PAR (Participatory Action Research) locates itself “on the edge” (Hooks, 1984) of alternative approaches to social inquiry, rejecting many of the current and pervasive notions of “what works” in research about education and in society, and seeking to both confront and dismantle status quo systems of social inequity by redistributing the power that so often privileges historically dominant or hegemonic groups and individuals that take part in the research process.
Simply put, it is all about change.
The problem is, schools, in general, are not.
Of course there are schools here and there with administrators and teachers dedicated to disrupting the power class, race, or sex have in determining a student’s future, but overall, schools are spaces of rigid hierarchy and power structures, where students – especially girls and students of color – are at the bottom.
I wanted to put PAR, which is so focused on disrupting power hierarchies, to the test. I wondered, is PAR only useful or practical in spaces where hierarchies or power structures are minimized? How might PAR be used in a classroom/school environment, where hierarchy and power are so deeply embedded in the context of everyday life? Would a PAR project even be possible in a classroom? Would it be a superficial exercise in how to conduct research, or might it lead to deeper, more meaningful change?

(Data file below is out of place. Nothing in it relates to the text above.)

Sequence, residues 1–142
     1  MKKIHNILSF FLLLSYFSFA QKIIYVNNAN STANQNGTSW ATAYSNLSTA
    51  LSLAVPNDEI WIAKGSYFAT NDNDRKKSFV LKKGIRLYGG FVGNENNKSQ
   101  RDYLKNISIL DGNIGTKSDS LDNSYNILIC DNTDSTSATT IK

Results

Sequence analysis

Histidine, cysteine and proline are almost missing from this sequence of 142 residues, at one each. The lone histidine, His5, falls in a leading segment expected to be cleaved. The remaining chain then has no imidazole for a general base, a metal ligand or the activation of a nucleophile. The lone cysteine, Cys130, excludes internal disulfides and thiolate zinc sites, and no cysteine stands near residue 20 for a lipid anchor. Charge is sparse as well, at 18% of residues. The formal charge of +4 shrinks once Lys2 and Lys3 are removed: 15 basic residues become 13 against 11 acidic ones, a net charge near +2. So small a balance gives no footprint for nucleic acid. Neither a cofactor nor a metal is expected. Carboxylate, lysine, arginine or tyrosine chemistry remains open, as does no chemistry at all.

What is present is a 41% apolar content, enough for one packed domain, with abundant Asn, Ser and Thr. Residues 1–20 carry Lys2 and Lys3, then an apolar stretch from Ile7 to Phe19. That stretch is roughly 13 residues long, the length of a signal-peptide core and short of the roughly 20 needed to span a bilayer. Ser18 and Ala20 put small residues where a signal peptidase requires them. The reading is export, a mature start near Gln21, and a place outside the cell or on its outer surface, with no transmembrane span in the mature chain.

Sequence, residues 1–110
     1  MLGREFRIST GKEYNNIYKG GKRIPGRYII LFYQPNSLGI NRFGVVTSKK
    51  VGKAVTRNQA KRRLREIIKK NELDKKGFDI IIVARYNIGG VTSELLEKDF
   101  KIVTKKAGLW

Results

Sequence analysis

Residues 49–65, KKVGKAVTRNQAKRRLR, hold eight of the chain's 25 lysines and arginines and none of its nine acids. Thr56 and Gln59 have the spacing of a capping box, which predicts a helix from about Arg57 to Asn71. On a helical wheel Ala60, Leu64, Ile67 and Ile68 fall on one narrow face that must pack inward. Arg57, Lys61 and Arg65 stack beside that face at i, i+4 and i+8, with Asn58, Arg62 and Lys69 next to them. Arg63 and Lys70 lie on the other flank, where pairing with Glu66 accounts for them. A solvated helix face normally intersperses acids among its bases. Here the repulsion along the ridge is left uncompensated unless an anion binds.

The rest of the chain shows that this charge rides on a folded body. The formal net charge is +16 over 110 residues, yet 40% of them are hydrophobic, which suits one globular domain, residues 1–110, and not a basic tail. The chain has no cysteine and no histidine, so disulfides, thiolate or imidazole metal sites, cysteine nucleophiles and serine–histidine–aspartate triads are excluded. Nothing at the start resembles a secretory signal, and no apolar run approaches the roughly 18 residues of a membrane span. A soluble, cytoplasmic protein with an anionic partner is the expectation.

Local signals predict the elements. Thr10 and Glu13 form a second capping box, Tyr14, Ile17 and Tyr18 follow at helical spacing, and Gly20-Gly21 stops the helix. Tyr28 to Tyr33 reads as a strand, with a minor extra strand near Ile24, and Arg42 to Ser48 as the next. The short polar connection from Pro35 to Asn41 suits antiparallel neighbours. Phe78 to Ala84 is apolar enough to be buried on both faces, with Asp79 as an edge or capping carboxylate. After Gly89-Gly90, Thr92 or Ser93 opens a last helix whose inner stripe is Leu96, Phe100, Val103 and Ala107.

At the same time I wondered how PAR might be “empowering” for individual members of a research collective, especially when those individuals are members of historically disempowered, disenfranchised, marginalized groups?
Of course being Latino was obvious, but what about being a student or being a teacher?
Those groups are so often silenced but have so much to say about their own lives (for a good discussion of teacher voice missing in educational decision and policy making, see Cohn and Kottkamp, 1993). Yet policies from local to global levels often do not take them into consideration. So how might PAR work to turn that around?
As I considered working on a PAR project for my dissertation, and then throughout the process and until now, these questions and many more have swirled around my head.